Recently my Facebook timeline has been full of people doing a “10-day farming and ranching challenge.” A picture each day for 10 days showing what life on the farm looks like but without any explanations. Just a picture, no words.
Now, I know that a picture is worth a thousand words, but sometimes a little context is a good thing. This week, I am going to take a little detour from our meat safety and quality conversations and share a little insight into what being involved in agriculture has looked like for me.
This time of year is so exciting on the farm because babies are being born! I have so many great memories going out late at night with my dad to see if any lambs or calves were born. Right now, my family is in the midst of both lambing and calving. There have been some extremely cold temps and snowy days the past few months in South Dakota; however, it doesn’t matter what the temperature is outside, farmers and ranchers don’t get a snow day. They go to work, day and night, to ensure that their livestock is cared for.
Blue sky, green grass, black cattle, one of my favorite views! Every summer, we bring our cattle to the pasture for a few months. After long, dreary winters, it is so encouraging to see new life, both in the vegetation and in the baby calves!
Putting up hay. Not exactly the most fun job on the farm (or photogenic), but it’s work that needs to be done. Typically, it’s the hottest days of the summer when the hay is ready to be put into the barn. It’s a hot, dusty, job. Storing hay during the summer gives us an ample supply to use during the winter during lambing and calving. Square bales (like what is in the picture), can be used for bedding or as feed, depending on what the bale is made of. It may be a lot of work in the summer, but when winter comes along we are sure thankful that the job got done!
I know that this isn’t a farm picture, but I had to include it. It is still crazy to me to think that someday I am going to be a meat scientist. How crazy is that?! The agricultural industry offers so many opportunities for careers outside of farming and ranching; meat science, nutrition, genetics, and so much more. I am so excited to see where this path leads me and what opportunities lie ahead!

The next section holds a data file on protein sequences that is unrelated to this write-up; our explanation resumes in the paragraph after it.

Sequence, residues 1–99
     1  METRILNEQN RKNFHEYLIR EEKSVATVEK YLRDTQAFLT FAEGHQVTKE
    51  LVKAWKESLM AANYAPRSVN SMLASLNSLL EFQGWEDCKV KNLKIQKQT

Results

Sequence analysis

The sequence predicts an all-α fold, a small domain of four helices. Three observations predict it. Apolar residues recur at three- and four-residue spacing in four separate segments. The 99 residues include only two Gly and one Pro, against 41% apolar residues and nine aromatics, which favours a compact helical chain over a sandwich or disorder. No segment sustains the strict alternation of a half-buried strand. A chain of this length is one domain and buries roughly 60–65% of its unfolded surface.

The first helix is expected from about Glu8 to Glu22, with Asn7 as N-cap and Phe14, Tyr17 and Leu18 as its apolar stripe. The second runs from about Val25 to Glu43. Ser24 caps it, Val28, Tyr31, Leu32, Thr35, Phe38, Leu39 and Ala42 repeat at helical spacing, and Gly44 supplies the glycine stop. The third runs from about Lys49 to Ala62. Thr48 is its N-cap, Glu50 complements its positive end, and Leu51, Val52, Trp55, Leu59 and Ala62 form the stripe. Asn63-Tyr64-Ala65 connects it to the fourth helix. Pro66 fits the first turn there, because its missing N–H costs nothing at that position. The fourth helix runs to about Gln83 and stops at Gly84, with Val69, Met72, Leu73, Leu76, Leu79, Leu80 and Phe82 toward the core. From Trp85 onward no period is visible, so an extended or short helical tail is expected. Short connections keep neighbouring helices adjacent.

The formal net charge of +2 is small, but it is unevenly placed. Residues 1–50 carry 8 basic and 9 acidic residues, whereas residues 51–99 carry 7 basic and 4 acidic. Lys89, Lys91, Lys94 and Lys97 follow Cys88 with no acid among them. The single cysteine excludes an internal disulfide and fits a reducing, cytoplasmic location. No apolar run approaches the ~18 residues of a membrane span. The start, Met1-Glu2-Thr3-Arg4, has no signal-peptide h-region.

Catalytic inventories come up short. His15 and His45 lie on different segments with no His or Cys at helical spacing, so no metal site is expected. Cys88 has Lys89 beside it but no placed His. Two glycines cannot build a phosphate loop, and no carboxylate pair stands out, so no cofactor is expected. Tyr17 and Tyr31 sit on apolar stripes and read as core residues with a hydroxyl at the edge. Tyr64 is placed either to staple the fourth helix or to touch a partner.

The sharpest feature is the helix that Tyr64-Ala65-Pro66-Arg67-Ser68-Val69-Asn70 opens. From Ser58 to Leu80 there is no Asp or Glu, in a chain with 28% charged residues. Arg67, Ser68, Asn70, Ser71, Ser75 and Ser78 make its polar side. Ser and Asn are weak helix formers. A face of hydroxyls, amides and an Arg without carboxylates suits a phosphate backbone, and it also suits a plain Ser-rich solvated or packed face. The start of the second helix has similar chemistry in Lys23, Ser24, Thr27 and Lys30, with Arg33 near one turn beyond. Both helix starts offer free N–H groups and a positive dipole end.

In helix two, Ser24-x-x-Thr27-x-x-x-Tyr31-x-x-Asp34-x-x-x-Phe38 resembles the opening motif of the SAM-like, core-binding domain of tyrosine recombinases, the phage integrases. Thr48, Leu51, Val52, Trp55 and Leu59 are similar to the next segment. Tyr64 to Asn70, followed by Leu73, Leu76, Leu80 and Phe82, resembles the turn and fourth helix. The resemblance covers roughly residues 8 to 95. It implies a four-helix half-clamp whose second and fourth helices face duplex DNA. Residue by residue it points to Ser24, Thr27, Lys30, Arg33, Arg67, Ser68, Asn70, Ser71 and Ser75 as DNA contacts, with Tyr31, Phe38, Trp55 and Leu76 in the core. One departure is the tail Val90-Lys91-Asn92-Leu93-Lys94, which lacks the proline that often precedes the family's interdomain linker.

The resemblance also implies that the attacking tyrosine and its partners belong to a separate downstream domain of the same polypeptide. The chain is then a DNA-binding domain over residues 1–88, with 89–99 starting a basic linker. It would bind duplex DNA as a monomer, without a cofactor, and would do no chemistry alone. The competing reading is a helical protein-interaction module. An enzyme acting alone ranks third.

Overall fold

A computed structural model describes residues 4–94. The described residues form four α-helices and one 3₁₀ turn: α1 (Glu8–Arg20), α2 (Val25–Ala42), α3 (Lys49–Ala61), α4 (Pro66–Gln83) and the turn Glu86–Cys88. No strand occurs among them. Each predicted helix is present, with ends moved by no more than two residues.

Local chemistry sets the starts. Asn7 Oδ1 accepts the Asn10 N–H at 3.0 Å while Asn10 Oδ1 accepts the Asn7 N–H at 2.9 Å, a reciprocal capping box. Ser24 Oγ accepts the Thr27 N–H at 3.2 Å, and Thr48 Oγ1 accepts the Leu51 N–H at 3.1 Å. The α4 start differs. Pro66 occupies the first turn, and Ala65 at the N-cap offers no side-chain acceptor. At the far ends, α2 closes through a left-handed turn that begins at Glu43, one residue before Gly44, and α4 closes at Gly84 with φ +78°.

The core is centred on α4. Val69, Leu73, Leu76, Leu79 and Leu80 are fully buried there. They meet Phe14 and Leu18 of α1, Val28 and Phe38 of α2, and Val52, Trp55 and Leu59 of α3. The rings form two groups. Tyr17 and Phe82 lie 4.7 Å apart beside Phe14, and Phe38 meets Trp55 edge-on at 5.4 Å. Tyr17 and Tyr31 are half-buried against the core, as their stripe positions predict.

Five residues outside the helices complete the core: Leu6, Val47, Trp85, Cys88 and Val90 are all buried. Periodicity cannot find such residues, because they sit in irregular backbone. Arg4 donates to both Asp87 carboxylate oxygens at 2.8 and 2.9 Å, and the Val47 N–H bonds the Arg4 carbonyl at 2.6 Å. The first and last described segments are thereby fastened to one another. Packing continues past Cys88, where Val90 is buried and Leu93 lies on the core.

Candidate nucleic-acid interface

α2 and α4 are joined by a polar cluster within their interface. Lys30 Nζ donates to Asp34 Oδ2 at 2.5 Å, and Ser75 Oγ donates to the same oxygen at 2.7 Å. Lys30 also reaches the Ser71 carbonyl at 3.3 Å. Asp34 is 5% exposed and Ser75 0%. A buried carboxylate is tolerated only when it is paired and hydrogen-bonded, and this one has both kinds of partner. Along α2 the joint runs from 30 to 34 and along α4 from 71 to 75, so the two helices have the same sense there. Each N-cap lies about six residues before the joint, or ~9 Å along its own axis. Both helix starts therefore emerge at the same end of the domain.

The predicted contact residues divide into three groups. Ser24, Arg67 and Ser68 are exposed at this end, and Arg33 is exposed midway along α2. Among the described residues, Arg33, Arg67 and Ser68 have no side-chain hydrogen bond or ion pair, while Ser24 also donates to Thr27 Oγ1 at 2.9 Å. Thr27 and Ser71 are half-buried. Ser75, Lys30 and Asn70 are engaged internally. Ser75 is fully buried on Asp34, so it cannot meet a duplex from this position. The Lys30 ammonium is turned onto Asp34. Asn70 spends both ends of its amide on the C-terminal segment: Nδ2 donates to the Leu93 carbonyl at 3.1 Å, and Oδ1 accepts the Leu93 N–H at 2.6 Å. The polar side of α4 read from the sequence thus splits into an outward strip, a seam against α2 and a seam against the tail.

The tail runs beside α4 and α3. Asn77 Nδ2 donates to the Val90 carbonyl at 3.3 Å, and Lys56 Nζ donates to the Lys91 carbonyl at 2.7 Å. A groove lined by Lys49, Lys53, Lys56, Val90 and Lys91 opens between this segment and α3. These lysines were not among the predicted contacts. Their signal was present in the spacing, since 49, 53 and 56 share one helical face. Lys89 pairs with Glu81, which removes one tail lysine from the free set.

You simply can’t beat South Dakota sunsets! I grew up looking at this view every day. I am so thankful to have grown up on a farm and for all the values that it instilled in me. I learned the value of hard work and how to work as a team. No matter where I end up in the future this will always be one of my favorite views.
Most importantly, on a farm you don’t go to an 8-5 job where you become acquaintances with your co-workers. Farms run on families. Did you know that 98% of farms are family owned and operated? Farming isn’t just a job, it’s a lifestyle; one that everyone must commit to. Whether it be working with livestock, harvesting crops, putting up bales, or making meals for the people in the field; everyone is involved. I’m so thankful for this bunch and couldn’t have asked for a better crew to call my family.
These are just a few photos are just a snapshot of what life on the farm looks like. I am so thankful to be involved in this industry and I hope this detour gave you a look into the ag world!